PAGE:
East Bay Times
Plan to kill deer draws outrage
July 28, 2007
Linda Goldston, Bay Area News Group
SAN JOSE — Outcry over a plan to let archers thin a herd of deer in a gated hillside community in South San Jose has been so loud they can hear it in Sacramento.
Several residents of the Villages are up in arms over the idea, management is firing back and bow hunters are lining up to volunteer their services. One state official is even saying no one will get to kill deer in city limits, after all.
Officials already were besieged after an article in the community’s weekly paper said the deer would be slain as early as this week, prompting the killing to postponed. But the criticism hurled at management and state officials has only intensified since then.
“I’m one of the most hated people in the Bay Area right now,” said Steve Loupe, acting general manager of the 4,300-member community.
On Friday, residents were disputing the reason the hunters were being solicited in the first place — that deer with a taste for expensive landscaping were costing an estimated $10,000 a month in damage. In addition, California Fish and Game officials said they are rethinking their permit to let two bow hunters kill eight deer — bucks or does — in the community.
“The whole idea of this permit is being re-evaluated,” said Craig Stowers, deer program coordinator for Fish and Game. “I won’t say it will be pulled, but the process under which it was issued is being re-evaluated.”
Paul Masquelier, a 10-year resident of the Villages, said “a key board member” could give him only one minor example of the damage cited by the community’s maintenance director, a dry patch along a fence behind a nearby home.
“Upon further inspection and conversations with homeowners along the fence, I found that the landscaping was not drought tolerant and had not been properly watered,” Masquelier said. “The leaves had turned brown and dropped to the ground.”
Other residents said the problem was caused by people who planted roses and other plants that were attracting the deer.
Management, however, defended its decision. In a letter to be published in Thursday’s community paper, the presidents of two boards at the Villages called the deer “a safety issue that must be addressed.” The deer attract such predators as bobcats and mountain lions and “most susceptible are small children and household pets.” Residents of the Villages, however, must be 55 or older.
“Both your Association and Club Boards strive to seek the best solution given the contrasting desires of some of the residents to protect the deer and the need to maintain the overall safety of the community,” said the letter written by John Campbell, president of the Association Board, and Michael Kulakofsky, president of the Club Board.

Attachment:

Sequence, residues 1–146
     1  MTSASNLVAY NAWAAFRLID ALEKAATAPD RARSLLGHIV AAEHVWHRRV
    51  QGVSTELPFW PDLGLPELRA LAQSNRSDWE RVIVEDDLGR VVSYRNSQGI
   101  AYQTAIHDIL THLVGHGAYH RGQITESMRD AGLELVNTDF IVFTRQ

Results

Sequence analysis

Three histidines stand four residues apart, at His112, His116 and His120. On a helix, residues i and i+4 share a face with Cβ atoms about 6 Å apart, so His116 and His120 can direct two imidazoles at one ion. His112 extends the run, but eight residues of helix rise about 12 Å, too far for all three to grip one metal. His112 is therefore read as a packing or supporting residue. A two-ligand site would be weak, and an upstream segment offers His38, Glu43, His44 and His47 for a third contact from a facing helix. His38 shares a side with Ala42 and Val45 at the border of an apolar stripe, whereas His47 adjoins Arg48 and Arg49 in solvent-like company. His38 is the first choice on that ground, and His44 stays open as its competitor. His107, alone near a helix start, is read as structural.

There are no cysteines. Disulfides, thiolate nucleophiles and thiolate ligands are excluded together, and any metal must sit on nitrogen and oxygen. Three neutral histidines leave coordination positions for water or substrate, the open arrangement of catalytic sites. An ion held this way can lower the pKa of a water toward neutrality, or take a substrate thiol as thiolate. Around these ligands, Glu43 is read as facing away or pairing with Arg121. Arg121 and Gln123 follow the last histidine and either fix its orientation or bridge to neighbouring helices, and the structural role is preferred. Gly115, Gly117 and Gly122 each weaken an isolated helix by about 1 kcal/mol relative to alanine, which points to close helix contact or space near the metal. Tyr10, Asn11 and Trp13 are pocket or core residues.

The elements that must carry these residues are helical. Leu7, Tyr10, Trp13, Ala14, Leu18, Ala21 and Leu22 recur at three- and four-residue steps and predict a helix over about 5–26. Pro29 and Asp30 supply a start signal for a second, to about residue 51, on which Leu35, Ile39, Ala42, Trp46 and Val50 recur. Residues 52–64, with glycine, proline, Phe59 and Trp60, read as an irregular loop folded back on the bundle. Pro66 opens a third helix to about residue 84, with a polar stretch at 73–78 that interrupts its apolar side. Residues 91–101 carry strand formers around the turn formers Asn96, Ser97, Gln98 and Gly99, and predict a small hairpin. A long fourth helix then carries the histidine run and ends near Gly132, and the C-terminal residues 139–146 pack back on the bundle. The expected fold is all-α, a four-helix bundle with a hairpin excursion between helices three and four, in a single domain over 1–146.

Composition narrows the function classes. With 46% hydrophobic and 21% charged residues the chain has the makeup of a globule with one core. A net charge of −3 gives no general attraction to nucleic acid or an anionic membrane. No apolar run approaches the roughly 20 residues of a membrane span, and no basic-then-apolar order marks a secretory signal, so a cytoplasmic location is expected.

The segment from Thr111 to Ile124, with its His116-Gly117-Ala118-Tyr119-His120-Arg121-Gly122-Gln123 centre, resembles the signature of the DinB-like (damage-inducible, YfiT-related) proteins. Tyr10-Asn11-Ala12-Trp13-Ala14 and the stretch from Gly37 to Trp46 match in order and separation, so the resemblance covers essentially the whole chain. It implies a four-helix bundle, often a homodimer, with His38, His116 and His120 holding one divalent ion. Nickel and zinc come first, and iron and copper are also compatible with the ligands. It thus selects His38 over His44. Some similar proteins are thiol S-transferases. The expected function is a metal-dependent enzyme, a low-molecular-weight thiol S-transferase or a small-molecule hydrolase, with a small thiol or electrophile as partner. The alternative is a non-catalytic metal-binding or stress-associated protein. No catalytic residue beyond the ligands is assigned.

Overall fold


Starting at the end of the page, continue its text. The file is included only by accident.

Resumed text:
Loupe, the acting general manager, said he had received dozens of calls about the issue, most of them against the plan but “more than 15” in support of it.
It was a reference to a statement published in the San Jose Mercury News that he said he wishes he hadn’t said — that 15 people made “hysterical calls to the San Jose Mercury News and NBC11” after learning the deer would be killed.
Despite plans by Fish and Game to re-evaluate the process that resulted in the permit being granted, “at this point, we plan to go ahead with it,” Loupe said.
Even the bow hunters are feeling a little of the heat, he said.
The permit granted by Fish and Game allows the hunters to kill bucks and does — “but the bow hunters volunteered not to take does,” Loupe said. “I’ve been told there is absolutely no intention whatsoever to remove any mothers of fawns.”
Four hunters contacted the San Jose Mercury News on Thursday and Friday, offering to help. A Fish and Game biologist estimated the herd at 100 to 200 deer.
“If they just wanted me to come down and thin it out a little bit, I’d be game for it,” said Dan Relei of Concord, a longtime hunter who remembers hunting for pig and deer with his cousins at the base of the Santa Cruz Mountains in the early 1970s.
Stowers, Fish and Game’s deer program coordinator, said “our enforcement people in the region are looking at this. In the biological world, there are certain truths that do not cross over into the real world. Public opinion, regardless of biological opinions, has to be considered.”
Permits like the one granted for the Villages are called depredation permits and are considered as last resorts, Stowers said. Even if the eight deer are killed as planned, that would not scare the rest of the herd away from the Villages, he said.
“I do not think, and many of my colleagues do not think, this is a long-term solution,” he said, adding that the longest amount of time the killing would serve as a deterrent to the other deer to stay away “could be a matter of days or weeks.
“Once the deer are taken, there are that many waiting outside the fence to take their place.”
Reach Linda Goldston of the San Jose Mercury News at email@example.com or 408-920-5862.